The Rt Rev Dr Dudley Tucker Foord died on September 10, at the age of 90.
UPDATE: A special memorial service for Bishop Foord will be held at St Andrew's Cathedral on Wednesday the 18th of September, from 2pm. Currently, it is understood the service will be led by Archbishop Dr Glenn Davies, while former Archbishop Dr Peter Jensen will preach.
Born in 1923, Dudley Foord studied at the University of Sydney in the early 1950s, receiving two Science degrees with a focus on nuclear science. He studied theology at the University of London, then at Moore Theological College, and was priested in Sydney in 1958. He also received a Doctor of Ministry from Fuller Theological Seminary in California, USA in 1977.
He then served in a number of parishes as rector. While at Kingsgrove Anglican Church from 1960 to 1965 he was noted for procuring the use of a train in order to transport children to the church’s Sunday school picnics. He also later served for 12 years as rector of Christ Church, St Ives (1972 to 1984).
Bishop Foord was heavily involved with university ministry, serving as a part-time chaplain at both the University of New South Wales and Sydney University, as well as speaking at a number of university mission events. In 1965 he became Dean and a senior lecturer at Moore College, where he served for seven years.
He also served as presiding Bishop of the Church of England in South Africa (CESA), after consecration at St Andrew’s Cathedral in 1984. He served in South Africa for three years, and later served as Canon of St John’s Cathedral in Parramatta and curate-in-charge in Liverpool South until his retirement from full-time ministry in 1990. He then served as a consultant to the Department of Evangelism (now Evangelism and New Churches), and more generally as a church consultant.
Bishop Foord was also instrumental in the establishment of the Katoomba Men’s Convention in the late ’90s. Bishop Al Stewart, the current Chairman of Katoomba Christian Conventions, says Bishop Foord’s dedication to men’s ministry in particular is one of the defining marks of his life and work.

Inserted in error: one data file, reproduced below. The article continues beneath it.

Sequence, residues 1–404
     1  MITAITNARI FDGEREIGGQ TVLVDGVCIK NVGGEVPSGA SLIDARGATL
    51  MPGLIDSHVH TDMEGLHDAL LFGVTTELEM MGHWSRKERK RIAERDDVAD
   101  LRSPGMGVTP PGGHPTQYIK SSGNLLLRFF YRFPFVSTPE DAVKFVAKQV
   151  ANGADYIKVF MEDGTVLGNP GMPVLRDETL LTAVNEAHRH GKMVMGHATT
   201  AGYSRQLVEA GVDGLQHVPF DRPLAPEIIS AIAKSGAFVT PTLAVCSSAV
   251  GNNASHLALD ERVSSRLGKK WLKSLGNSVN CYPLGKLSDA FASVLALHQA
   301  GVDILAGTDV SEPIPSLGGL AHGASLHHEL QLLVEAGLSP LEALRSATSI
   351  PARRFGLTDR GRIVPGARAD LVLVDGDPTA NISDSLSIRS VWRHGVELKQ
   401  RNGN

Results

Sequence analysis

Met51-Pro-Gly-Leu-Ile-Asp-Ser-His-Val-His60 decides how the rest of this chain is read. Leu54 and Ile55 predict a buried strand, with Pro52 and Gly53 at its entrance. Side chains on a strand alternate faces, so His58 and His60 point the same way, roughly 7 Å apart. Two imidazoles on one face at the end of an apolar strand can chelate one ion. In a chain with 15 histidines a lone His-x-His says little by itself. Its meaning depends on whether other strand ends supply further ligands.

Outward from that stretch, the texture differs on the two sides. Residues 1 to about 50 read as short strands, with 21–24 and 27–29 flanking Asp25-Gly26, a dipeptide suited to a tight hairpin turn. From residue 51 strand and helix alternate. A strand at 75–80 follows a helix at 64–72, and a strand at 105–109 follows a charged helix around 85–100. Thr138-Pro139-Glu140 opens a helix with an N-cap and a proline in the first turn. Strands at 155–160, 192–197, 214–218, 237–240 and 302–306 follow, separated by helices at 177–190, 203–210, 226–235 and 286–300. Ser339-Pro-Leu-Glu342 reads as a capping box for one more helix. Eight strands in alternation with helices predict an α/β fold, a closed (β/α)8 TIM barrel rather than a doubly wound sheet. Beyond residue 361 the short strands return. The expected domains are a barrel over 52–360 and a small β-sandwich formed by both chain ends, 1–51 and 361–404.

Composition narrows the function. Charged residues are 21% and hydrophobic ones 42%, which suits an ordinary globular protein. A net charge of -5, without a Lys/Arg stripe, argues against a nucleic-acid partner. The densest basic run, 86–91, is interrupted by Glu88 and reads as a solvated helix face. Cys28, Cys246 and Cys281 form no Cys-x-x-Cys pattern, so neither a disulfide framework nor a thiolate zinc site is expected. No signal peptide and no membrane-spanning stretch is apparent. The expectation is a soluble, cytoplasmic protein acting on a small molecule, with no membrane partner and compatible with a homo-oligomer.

“Dudley always had a real heart for Christian men, and for supporting them in being good husbands, fathers, brothers. He even very recently was still travelling and speaking,” Bishop Stewart says. “It was his energy and enthusiasm and drive to serve men even as he got older that was really infectious.”
One of Bishop Foord’s sons, the Rev Nick Foord, is currently assistant chaplain at the Shore School. He says it is hard to summarise the work of his father because of the variety of activities, interests and mission fields in which he engaged. Expository preaching, development in music ministries, missional talks with a science bent, and church planting were just some of these areas.
“He was enthusiastic, he was visionary - he did everything,” Mr Foord says. “I don’t really know where to stop and where to start. He was cutting edge in many respects."
Archbishop Glenn Davies issued a statement saying the news was received 'with great sadness' and that 'we are bereft of a great saint'.
"Dudley Foord exercised an outstanding ministry as a rector of two Sydney parishes (Kingsgrove and St Ives), where his passion for evangelism was infectious. Always prepared to rethink parish ministry and revitalise both Christians and church structures with a gospel-minded focus, Dudley was chiefly responsible for bringing Evangelism Explosion to Sydney" Dr Davies said.
The Archbishop said "Dudley's interests were not merely parochial, he was also Dean of Students and lecturer at Moore College, directed Men's Conventions at Katoomba and post-ordination training in the Diocese, as well as acting as a consultant in church planting. His gifts were rightly recognised by the Church of England in South Africa and Zimbabwe, as they elected him to be their Presiding Bishop in 1984. However, after returning to Sydney he continued in active ministry, including an incumbency in South Liverpool, until ill health prevented him in his late 80s."
"Dudley and his wife Elizabeth were a team. Frequently ministering together as well as separately, they modelled both servant-mindedness and personal godliness in their marriage" Dr Davies said. "We are bereft of a great saint, whose confidence rested entirely in God's grace and whose aim was always to glorify the Lord Jesus."
Bishop Foord is survived by his wife Elizabeth, as well as four children and eleven grandchildren.
Image courtesy of Ramon Williams.